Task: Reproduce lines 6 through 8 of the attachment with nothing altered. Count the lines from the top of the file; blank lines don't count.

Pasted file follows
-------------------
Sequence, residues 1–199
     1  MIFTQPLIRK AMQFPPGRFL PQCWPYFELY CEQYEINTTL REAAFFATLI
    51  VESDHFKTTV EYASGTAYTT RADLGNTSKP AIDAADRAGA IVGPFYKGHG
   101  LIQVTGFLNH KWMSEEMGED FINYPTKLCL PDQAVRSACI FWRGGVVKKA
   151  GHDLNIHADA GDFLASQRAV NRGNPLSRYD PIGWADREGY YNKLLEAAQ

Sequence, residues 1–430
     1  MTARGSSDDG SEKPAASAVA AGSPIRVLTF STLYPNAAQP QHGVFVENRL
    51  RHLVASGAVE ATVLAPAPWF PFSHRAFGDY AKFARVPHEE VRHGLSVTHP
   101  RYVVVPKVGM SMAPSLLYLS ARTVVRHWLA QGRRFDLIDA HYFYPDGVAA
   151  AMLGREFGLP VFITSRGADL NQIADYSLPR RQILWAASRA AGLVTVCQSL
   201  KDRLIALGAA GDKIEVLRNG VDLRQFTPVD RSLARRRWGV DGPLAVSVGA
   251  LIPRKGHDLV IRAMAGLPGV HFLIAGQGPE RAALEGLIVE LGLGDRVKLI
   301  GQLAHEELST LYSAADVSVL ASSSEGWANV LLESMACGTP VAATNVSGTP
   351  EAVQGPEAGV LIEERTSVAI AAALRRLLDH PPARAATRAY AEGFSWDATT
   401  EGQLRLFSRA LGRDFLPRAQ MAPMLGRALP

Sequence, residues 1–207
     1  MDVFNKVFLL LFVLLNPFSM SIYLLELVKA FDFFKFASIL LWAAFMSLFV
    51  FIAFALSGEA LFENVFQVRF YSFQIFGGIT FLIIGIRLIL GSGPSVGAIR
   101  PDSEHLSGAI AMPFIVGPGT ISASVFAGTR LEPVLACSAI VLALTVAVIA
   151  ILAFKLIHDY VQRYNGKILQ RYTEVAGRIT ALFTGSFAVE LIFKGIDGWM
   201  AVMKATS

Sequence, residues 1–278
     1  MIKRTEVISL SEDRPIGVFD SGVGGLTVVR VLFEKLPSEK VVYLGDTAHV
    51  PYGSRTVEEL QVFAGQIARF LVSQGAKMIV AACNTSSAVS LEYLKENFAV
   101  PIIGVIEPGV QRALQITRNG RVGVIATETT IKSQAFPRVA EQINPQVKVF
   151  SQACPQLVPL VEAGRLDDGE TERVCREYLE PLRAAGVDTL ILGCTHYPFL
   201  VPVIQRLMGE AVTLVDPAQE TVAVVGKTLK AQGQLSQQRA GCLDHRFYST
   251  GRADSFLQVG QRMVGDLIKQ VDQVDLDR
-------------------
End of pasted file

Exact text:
Sequence, residues 1–430
     1  MTARGSSDDG SEKPAASAVA AGSPIRVLTF STLYPNAAQP QHGVFVENRL
    51  RHLVASGAVE ATVLAPAPWF PFSHRAFGDY AKFARVPHEE VRHGLSVTHP